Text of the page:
“When we try to reach out to CEA (in Hermosillo), they say, ‘Go to CEA Guaymas.’ We go to Guaymas and they’re like, ‘No, that’s CEA San Carlos,’" he said.
Thomas, who rents the space for Marvida, was able to get help only because his manager’s father is a friend of a CEA administrator. He managed to get a CEA truck from Hermosillo to come clean out the clogs in the sewer system under the boardwalk, he said.
Since then, Thomas said he’s been dreading the next inevitable disaster.
“They don't have a system of fixing it. They just have a system of cleaning it up afterwards,” he said. “There’s no prevention.”
With trepidation, Thomas is watching the frenzy of development in San Carlos, including a new hotel close to Marvida.
“Where’s all that sewage going to go?” he said. “San Carlos is going to collapse that way. It’s already collapsing.”
Sierra Vista auto dealer and San Carlos homeowner Bill Lawley was drawn to San Carlos by its natural beauty, deep-sea fishing and small-town atmosphere.
“It was like the old Mexico they sing songs about,” said Lawley, who splits his time between Sierra Vista, Colorado and San Carlos. “How can you beat it?”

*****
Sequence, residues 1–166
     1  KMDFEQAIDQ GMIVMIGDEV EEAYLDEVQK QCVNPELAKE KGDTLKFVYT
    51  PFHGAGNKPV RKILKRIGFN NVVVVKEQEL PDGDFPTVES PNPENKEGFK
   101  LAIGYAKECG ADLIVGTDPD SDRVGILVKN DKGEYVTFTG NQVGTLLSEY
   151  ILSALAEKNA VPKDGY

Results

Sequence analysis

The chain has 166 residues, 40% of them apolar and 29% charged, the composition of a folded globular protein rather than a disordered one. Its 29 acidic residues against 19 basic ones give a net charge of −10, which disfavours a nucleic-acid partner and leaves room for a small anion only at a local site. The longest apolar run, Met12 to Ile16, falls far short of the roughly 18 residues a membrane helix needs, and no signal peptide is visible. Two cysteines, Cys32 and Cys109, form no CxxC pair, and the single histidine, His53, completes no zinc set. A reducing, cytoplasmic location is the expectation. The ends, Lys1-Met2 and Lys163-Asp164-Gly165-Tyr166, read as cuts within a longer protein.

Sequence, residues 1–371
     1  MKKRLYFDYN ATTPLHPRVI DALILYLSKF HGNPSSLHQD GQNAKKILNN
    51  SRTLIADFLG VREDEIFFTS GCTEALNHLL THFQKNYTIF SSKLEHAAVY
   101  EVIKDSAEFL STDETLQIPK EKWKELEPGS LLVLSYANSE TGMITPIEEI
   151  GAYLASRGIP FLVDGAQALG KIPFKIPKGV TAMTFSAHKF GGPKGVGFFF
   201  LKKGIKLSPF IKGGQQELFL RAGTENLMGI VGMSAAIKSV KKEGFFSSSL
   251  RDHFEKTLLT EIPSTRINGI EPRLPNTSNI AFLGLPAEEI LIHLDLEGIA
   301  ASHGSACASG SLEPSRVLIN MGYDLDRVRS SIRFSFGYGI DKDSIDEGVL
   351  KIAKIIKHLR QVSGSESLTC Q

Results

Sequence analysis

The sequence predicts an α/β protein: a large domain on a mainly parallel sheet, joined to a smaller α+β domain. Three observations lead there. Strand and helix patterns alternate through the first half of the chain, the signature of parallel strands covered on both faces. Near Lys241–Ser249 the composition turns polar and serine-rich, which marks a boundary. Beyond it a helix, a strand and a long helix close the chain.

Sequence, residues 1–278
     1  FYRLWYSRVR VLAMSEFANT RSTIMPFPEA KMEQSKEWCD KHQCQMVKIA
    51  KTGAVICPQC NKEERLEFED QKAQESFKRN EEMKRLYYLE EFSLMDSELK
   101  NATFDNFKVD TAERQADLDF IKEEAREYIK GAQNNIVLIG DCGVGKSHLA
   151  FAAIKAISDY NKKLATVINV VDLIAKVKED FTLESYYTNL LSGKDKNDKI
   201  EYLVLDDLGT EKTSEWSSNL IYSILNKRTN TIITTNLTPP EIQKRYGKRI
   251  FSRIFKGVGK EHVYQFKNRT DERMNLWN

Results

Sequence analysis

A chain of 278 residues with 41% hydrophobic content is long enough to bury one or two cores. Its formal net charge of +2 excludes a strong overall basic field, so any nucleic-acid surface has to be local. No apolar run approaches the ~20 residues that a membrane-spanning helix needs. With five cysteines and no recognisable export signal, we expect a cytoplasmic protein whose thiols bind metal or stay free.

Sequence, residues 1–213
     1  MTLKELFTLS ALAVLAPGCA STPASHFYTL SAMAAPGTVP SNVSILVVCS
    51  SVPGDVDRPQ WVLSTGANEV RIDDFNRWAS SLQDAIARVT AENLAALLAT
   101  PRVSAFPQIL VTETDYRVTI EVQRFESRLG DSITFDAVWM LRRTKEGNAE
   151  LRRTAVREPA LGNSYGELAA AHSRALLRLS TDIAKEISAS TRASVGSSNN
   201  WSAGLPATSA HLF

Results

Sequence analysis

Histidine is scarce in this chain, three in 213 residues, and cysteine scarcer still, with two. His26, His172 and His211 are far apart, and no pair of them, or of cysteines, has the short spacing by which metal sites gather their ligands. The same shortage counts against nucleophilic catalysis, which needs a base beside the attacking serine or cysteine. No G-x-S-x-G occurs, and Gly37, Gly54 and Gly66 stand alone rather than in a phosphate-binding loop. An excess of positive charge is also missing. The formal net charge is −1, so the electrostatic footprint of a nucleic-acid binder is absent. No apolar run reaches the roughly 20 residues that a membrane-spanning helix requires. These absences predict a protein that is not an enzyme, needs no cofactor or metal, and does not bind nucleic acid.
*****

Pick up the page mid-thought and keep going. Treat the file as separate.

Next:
Fifteen years ago, Lawley built a home in central San Carlos, just off the main road, Boulevard Manlio Fabio Beltrones. Almost immediately after connecting to the sewer system, raw sewage backed up in the shower, he said.
After weeks without repairs, Lawley hired a worker to install a diversion pipe, redirecting the sewage from his home into the street.
All these years later, Lawley’s desperate fix is still in place — and the problem has only worsened.
The street in front of his home floods with sewage every time the pump up the road breaks down. CEA workers said the construction of a hotel across the boulevard a couple years ago has pushed an unmanageable amount of waste and trash through the old pipes leading to the pump.
When CEA workers clean out the pump, it works for a while — until the next batch of tourists arrive, Lawley said.
“I’d pay a lot of money to not have the sewage lake out in front of my place, but it ain’t gonna happen,” he said. “It’s horrible. That’s just the way it is.”
In late July, a white CEA work truck pulled through the sewage lake and parked alongside the busted pump just up the road.
From inside the truck, Roberto Amador, a 23-year veteran of CEA, said he and his partner were there to get the pump going again. He knew what he’d find blocking the pump, because he’d seen it before: tampons, condoms and other trash.